Botanical name: Borecole
If vitamins could be packaged and labeled as such, they would look very much like kale. That’s because the vitamins offered by just one cup of this relatively little-known veggie can trump a whole week’s worth of other foods: 684% of the daily value of vitamin K, 206% of the suggested daily amount of vitamin A, and 134% of vitamin C (and even more vitamin C in the Scottish curly-leaf variety).
Kale can legitimately be called a superfood, if only after one particular study, which reported the high antioxidant activity in this vegetable. The phytonutrient indole-3-carbinol aids in DNA cell repair, while at the same time slowing the growth of cancer cells.
With its sulforaphane content, kale protects against prostate and colon cancers. It also has properties that studies show ca ease lung congestion, and is beneficial to your stomach, liver, and immune system. It contains lutein and zeaxanthin, which help protect your eyes from macular degeneration.
Kale has been compared to beef, which is known as a “go-to” food for iron, protein, and calcium.
Kale’s anti-inflammatory capabilities are unrivaled among leafy greens, especially relating to the prevention and even reversal of arthritis, heart disease, and several autoimmune diseases.
Omega-fatty acids are called essential because your body needs them to remain healthy, but they need to come from sources outside the body; kale is an excellent source of these healthy fats. Benefits of these often-talked about but little understood compounds include their ability to help regulate blood clotting, build cell membranes in your brain, and protect you against heart disease and stroke. They may also help combat autoimmune diseases, such as lupus and rheumatoid arthritis.
One serving of kale contains 121 milligrams of omega-3 fatty acids and 92.4 milligrams of omega-6 fatty acids.
Kale is one of the best vegetables for your health. See: The Best and Worst Vegetables to Eat
According to one study1, among all the foods involved in the research, kale was shown to have the highest protective effect against bladder cancer.
Kale has a very impressive number of flavonoids, each with its own healthy job to do in your body, including 32 phenolic compounds and three hydroxycinnamic acids, which can help keep cholesterol levels within the normal range and scavenge harmful free radicals in your body2. Two of the most important flavonoids kale has in abundance are kaempferol and quercetin.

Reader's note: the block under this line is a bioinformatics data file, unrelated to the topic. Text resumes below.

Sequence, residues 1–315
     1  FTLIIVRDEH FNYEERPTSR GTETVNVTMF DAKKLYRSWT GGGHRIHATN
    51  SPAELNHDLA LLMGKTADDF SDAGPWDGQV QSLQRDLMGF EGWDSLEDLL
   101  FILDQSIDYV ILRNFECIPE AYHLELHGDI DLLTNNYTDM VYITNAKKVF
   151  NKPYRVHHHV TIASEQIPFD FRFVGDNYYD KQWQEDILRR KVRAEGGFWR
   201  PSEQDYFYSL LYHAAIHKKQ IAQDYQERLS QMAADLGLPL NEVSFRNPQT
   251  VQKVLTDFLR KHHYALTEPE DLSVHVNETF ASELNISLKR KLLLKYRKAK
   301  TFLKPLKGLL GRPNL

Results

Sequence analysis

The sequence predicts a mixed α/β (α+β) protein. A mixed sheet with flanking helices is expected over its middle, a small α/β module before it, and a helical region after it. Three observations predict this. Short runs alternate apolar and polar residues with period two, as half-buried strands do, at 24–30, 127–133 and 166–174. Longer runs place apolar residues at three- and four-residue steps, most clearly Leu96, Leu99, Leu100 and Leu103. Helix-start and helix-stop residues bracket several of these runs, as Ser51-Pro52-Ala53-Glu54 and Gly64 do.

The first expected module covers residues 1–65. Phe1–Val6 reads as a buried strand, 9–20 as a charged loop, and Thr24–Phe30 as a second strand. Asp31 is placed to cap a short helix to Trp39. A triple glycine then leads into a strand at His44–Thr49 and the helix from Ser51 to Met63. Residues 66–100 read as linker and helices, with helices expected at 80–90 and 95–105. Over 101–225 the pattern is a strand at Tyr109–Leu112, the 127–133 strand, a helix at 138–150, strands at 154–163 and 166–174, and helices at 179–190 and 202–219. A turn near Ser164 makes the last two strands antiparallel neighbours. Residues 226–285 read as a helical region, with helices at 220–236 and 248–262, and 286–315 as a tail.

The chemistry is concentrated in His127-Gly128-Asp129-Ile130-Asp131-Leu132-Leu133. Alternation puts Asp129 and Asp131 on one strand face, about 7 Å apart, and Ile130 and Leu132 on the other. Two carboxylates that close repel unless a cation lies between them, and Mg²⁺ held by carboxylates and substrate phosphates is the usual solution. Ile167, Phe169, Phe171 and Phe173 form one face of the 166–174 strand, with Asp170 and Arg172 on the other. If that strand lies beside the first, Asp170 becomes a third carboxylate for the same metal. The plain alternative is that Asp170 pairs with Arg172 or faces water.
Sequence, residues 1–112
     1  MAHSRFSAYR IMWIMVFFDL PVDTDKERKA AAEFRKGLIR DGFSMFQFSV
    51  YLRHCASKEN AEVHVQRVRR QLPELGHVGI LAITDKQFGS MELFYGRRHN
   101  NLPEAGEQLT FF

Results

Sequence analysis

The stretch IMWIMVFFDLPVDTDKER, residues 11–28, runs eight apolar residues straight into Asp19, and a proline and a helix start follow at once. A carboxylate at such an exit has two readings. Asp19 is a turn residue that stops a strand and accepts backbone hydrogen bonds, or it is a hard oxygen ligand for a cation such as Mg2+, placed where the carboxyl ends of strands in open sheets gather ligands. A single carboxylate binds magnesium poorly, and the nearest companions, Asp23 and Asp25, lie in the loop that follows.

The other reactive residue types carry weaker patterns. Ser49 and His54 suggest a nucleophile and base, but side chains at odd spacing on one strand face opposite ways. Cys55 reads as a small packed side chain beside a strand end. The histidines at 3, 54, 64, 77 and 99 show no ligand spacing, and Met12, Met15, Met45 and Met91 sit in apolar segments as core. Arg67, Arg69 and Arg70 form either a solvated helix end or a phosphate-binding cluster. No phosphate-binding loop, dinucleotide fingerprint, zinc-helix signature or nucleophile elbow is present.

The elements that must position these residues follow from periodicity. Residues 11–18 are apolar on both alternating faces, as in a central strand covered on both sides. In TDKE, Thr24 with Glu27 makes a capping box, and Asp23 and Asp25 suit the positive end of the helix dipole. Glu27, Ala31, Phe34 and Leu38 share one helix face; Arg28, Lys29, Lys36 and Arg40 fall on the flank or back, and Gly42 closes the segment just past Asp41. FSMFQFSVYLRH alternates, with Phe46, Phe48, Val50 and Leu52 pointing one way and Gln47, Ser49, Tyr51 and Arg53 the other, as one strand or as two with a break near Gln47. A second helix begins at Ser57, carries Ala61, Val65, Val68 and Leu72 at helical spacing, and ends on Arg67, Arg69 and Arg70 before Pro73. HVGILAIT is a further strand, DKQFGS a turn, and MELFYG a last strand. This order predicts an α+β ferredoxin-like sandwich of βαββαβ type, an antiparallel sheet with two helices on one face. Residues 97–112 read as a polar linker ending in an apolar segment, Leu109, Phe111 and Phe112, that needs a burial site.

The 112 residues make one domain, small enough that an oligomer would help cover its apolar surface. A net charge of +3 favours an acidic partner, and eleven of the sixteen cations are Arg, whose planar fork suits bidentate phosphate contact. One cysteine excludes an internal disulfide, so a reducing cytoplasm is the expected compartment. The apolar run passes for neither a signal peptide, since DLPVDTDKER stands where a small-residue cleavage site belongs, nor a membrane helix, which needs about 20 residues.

It should be noted that the effectiveness of several antioxidants and vitamins in kale are diminished when cooked3.
This recipe makes six servings.
Kale was first cultivated from wild varieties by the Greeks and Romans and later spread throughout Europe, where the leaves were called “coles,” and then to the British Isles. From there it was transported to the Americas. The first time it was recorded in the U.S. was in 1669, referred to as “colewarts.”
A Brassica that’s made a name for itself as one of the healthiest foods grown in the garden – or found in local farmer’s market or supermarket produce section, for that matter – kale is becoming better known in the U.S., not just for the distinctive flavor it brings to soups and salads, but because of the many health benefits it provides. Loaded with vitamins, eating this green vegetable helps you fight cancer, heart disease, autoimmune diseases, and even macular degeneration. With all these good things, it could be what’s for dinner.
Sources and References:
3 Composition and antioxidant activity of kale (Brassica oleracea L. var. acephala) raw and cooked, Composition and antioxidant activity of kale (Brassica oleracea L. var. acephala) raw and cooked, Aug. 2012